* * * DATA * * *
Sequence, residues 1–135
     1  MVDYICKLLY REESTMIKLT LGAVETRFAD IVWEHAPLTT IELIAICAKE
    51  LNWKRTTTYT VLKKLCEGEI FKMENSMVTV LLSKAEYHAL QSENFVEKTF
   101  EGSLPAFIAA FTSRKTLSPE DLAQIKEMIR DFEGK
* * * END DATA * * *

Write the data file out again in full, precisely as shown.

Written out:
Sequence, residues 1–135
     1  MVDYICKLLY REESTMIKLT LGAVETRFAD IVWEHAPLTT IELIAICAKE
    51  LNWKRTTTYT VLKKLCEGEI FKMENSMVTV LLSKAEYHAL QSENFVEKTF
   101  EGSLPAFIAA FTSRKTLSPE DLAQIKEMIR DFEGK